Did you know that Mormons believe – this is no joke – that if you're married in the Temple, you follow certain laws, YOU BECOME A GOD when you die. Not just an angel or a magician, a real god, with your OWN PLANET. You get to create all the creatures and people, plants, rocks, mountains, whatever you like. And when all is said and done, your creation, your people, will worship you, just like good Mormons worship Yahweh from this planet.
As we finish our stories of Utah and the Red Rock Film Festival, some of my readers might be very surprised to learn that my wife, who is Jewish, was a Mormon for several years. Of all the things I learned about her when we were dating, this probably surprised me the most. She even attended Brigham Young University for a semester.
The way she joined the church is pretty ordinary: a fiance' who converted her to Mormonism (much to her parents' dismay, I'm sure).
The Mormon missionaries have a very carefully crafted bag of tricks they use to attract and keep new converts, stories that are selected with two criteria: First, the introductory preaching resonates with "mainstream" Christianity and Judaism. The initial messages make Mormonism sound very pleasant and ordinary, much like just another branch of the mainstream religions, one with a special place for family and community.
Second, potential converts are told of the promise of the Mormon heaven, where peace, love, forgiveness, and happiness, reign, a paradise even more appealing than the typical Christain heaven.
But certain parts of Mormonism are carefully concealed from potential converts. They sound so outrageous to Christians, Jews, and Muslims that most people would reject them immediately. They're only revealed in bits and pieces, slowly so as not to scare the convert away, and only when the convert has become committed and integrated into the Mormon community and way of life.
(Check out The Mormon Curtain if you want to learn more about Mormon excesses, absurdities and abuses.)
Unfortunately for the Mormons, and fortunately for my wife, their indoctrination didn't succeed. Brigham Young University requires all students to take one religion class every semester, and for her introduction, my wife selected "Mormonism and Modern Science," which is essentially Creationism, somewhat repackaged. She now says, "I didn't know enough about science at that time to be alarmed by what they were teaching. But when they got to the part about polytheism – that when a good person dies, he becomes a god and gets his own planet &ndash my limited Jewish upbringing set off an alarm. Jews believe there is just one God. This was very important Jews, and Rabbit Ott, who was a powerful speaker and very well known [with the Sephardic Temple in Los Angeles], would read from the Torah, 'I am your God, the one God, and there are no other gods before me.'"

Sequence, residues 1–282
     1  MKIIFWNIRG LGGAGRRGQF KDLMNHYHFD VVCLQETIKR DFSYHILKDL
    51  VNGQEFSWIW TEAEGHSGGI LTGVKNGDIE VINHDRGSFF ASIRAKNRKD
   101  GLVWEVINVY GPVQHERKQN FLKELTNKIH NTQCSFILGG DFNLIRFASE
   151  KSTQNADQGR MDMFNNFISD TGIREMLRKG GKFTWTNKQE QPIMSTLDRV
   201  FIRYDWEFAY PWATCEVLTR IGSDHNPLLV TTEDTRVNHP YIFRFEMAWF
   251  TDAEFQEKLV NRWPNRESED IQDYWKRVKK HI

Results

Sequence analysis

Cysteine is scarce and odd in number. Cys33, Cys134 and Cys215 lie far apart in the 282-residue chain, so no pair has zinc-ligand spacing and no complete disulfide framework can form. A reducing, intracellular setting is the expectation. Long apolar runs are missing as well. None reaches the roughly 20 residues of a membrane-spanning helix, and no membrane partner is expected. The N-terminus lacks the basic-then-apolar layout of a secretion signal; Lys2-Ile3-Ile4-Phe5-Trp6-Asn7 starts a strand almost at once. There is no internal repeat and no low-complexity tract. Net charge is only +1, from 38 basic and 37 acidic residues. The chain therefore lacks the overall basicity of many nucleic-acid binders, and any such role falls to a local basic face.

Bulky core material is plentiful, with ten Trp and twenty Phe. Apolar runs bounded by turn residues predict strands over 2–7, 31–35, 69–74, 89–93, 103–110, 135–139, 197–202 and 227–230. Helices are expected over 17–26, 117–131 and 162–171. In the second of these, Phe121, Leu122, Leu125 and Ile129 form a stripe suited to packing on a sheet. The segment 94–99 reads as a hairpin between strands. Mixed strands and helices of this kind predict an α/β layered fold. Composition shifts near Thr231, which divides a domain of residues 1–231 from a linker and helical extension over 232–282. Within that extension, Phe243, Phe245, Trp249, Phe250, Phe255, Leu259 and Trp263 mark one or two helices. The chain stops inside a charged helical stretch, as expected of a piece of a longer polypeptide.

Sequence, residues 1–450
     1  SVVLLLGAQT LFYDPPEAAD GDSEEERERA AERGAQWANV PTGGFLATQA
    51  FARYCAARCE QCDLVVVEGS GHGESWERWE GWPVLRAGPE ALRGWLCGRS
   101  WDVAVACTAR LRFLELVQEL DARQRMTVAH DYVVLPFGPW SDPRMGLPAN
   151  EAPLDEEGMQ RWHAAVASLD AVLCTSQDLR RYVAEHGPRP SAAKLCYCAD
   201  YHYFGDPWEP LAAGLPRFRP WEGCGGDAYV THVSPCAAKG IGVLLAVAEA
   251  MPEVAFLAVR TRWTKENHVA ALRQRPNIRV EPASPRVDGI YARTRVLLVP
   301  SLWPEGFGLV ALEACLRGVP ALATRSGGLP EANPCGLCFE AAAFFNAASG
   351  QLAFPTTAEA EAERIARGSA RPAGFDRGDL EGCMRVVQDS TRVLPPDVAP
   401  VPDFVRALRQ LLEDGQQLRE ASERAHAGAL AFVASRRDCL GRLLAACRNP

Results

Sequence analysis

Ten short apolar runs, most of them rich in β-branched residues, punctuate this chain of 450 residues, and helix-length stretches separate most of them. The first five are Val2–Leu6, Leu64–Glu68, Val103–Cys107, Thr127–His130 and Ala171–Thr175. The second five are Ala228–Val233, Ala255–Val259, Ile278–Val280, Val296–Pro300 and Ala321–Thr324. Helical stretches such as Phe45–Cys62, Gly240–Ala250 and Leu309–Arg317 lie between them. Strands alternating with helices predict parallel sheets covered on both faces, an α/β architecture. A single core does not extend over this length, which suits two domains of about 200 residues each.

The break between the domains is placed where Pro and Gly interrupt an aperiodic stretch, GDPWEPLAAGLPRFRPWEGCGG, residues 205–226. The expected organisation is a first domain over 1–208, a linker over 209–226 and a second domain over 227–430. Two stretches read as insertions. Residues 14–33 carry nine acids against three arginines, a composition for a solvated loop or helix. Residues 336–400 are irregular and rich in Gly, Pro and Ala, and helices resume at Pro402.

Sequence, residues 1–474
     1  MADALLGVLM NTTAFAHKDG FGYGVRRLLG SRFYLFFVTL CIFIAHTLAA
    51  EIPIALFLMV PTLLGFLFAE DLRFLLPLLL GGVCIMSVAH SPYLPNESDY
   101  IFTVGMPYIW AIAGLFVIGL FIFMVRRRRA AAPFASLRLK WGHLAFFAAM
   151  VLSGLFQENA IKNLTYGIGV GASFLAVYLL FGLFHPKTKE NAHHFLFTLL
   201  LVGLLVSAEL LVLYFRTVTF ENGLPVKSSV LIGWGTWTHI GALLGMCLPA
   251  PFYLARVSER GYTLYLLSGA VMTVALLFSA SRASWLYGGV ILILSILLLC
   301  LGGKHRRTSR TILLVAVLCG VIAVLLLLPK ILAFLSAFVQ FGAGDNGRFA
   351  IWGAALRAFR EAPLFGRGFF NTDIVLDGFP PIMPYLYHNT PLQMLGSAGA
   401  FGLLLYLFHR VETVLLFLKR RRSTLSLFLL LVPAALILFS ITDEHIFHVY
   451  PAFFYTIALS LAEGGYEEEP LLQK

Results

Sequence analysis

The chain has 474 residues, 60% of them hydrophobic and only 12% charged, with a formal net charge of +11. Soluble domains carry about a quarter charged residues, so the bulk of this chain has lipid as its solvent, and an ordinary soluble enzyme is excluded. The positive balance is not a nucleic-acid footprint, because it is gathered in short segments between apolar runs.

The idea that every good Mormon would become a god is polytheism, plain and simple. It is probably the single most important difference between Mormonism and the other three Abrahamic religions (Christianity, Judaism and Islam), and most people raised in an Abrahamic religion would never convert to Mormonism if they knew the truth about the Mormon's polytheism beforehand.
My wife goes on to say that when the class got to the part about becoming a god when you die, she was astounded, not by this teaching, but by her fellow classmates. Looking around the room, she realized not a single other person objected. They were all fully indoctrinated.
She completed the semester, but never returned to BYU. Although she'd become skeptical about Mormonism, she continued to attend the LDS Church for a few years, but finally a friend gave her a copy of "The Godmakers" by David Hunt and Ed Becker. The book totally broke the spell, and she never went back to the LDS church again.
But she has some good stories to tell!